Construction: Step 1 - Slab
The slab going down is the first major milestone in the construction of your new home. This is where you’ll probably step foot in your master bedroom for the first time, picture yourself cooking up a storm in your kitchen and imagining what your new place will look like. Some of our clients even throw a little slab party to celebrate.
The process begins with earthworks preparing the site for construction. This involves leveling the ground and constructing a sand pad on which the slab is laid. Concrete footings for the slab are poured and then approximately 1-2 working days later the slab is poured. Once your slab has been laid, it will require approximately 1 week to cure (so we can start building on a strong base).
After the slab has cured, drains and sewerage are connected onsite. Bobcats will also come in towards the end of this stage to remove any excess sand and level the site for the delivery of bricks onto a flat surface.
Now your building journey begins. The construction phase of a new home is a very fluid process that requires the involvement of many different parties. We’ll keep you informed about the process but you’ll need to trust that we are on track to reach the 24-week building timeframe*. It’s what we do best.
*24 week building timeframe refers to the time it will take to build a standard Celebration Home from when the slab is laid providing there are no unforseen circumstances including but not limited to labour shortages or staff strikes that prevent Celebration Homes from conducting normal operating hours on site, external third party supplier product shortages, or extreme weather conditions such as heavy seasonal rains, storms, or natural disaster.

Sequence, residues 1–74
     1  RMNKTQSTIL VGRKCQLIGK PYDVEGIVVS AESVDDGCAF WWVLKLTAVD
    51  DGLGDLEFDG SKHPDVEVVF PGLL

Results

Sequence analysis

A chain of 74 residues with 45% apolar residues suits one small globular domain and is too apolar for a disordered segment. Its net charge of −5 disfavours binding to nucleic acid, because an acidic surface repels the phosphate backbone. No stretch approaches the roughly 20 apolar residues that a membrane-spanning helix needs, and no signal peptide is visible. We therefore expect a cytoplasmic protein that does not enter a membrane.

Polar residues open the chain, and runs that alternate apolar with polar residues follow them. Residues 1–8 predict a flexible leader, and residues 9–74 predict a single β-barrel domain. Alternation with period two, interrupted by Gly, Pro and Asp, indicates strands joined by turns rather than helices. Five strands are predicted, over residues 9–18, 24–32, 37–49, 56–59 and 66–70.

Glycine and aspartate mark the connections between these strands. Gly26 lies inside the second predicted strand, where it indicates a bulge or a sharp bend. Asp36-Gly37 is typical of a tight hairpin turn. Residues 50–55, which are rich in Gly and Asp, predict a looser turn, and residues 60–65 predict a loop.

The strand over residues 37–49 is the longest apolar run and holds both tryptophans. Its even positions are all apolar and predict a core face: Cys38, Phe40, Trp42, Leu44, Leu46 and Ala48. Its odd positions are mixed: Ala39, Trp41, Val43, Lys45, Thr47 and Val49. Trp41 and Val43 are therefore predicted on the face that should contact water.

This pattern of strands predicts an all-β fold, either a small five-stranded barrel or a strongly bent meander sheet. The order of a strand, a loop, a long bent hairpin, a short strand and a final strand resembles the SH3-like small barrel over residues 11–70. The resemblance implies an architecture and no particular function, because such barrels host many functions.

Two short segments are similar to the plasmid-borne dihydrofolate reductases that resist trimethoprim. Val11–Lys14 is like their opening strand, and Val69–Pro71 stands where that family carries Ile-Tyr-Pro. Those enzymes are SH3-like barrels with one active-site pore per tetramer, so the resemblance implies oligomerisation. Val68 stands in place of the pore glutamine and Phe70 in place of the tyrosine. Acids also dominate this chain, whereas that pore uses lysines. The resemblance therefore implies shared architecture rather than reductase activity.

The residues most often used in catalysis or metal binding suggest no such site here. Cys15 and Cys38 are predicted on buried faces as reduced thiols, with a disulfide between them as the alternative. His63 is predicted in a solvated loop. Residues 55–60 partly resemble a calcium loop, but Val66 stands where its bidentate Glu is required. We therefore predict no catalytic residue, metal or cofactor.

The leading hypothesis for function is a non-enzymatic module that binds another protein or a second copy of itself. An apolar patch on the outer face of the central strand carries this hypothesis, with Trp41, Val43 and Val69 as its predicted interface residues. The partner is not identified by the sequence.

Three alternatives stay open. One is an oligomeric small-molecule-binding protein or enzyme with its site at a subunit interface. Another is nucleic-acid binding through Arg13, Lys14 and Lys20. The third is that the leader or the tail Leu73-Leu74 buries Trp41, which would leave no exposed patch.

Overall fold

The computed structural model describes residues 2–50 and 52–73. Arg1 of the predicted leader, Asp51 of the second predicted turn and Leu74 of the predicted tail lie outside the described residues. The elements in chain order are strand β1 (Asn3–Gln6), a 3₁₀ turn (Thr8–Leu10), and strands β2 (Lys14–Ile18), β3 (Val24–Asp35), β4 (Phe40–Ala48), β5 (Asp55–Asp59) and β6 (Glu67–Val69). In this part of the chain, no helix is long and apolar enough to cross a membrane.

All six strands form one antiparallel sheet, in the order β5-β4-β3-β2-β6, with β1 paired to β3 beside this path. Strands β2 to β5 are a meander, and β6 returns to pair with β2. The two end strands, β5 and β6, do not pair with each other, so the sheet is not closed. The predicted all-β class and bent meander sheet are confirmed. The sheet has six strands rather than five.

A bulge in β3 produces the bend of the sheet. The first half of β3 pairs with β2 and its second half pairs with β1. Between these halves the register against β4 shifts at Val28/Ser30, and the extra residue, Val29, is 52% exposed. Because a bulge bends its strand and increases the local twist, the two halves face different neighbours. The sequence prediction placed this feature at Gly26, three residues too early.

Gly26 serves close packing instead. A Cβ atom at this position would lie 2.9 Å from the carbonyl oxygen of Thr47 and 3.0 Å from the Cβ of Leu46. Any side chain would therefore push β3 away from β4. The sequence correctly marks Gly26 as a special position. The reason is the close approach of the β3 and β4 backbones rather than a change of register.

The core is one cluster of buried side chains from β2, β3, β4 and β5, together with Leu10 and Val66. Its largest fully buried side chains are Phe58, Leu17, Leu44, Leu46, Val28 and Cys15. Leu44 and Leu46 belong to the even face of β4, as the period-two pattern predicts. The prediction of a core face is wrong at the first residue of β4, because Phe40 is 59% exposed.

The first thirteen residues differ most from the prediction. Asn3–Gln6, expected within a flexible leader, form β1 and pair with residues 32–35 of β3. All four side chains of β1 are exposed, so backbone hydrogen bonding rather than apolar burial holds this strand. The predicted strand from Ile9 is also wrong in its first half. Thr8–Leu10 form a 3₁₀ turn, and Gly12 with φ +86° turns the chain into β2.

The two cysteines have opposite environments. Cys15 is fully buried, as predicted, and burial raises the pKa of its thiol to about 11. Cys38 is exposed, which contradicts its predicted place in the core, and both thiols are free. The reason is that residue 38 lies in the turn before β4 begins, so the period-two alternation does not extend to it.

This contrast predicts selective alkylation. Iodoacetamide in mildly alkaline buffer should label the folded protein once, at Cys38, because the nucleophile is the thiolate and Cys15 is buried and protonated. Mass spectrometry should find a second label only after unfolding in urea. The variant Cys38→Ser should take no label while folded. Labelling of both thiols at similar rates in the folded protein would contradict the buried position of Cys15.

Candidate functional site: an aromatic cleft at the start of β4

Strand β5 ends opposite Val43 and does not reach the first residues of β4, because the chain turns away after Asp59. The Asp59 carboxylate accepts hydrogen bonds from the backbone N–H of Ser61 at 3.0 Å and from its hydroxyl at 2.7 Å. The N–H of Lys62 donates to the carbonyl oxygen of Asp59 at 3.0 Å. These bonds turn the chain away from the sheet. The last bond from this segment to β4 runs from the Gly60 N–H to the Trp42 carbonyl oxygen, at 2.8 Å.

Frequently Asked Questions
Yes, Celebration Homes will allow for Clients to provide a building inspector on site at each stage agreed between Clients and Building Inspector at the cost to the Client. Building Inspectors will be required to work to Celebration Homes time frames when inspections occur, Clients must advise their Construction Co-ordinator and please be aware that all Building Inspectors must have a current white card.
Cracking is something that does occur in ground slabs and is one of the characteristics of concrete as it shrinks. Concrete shrinks because of the loss of moisture due to evaporation and the hydration of cement as it cures. This reduction of volume causes tensile stresses within the slab, and these stresses are the primary reason why shrinkage cracks occur.
Reinforcement mesh is placed in our ground slabs in recognition of these characteristics to control cracks in both their width and their extent. If this shrinkage cracking occurs in your slab it is considered to be of aesthetic consequence and not of structural concern.
Your garage hardstand is not structural and therefore does not require the same engineering details and mesh that is installed when a slab is poured. The garage hardstand is always 100mm in thickness however a house slab ranges from 85mm – 100mm depending on what area the house is being constructed in and the soil condition. The engineer will conduct a Soil Classification Report to determine the thickness of the footings and the slab for all homes.
Garage hardstands are also required to be poured 1 brick course lower than your homes slab to minimise risk of flooding.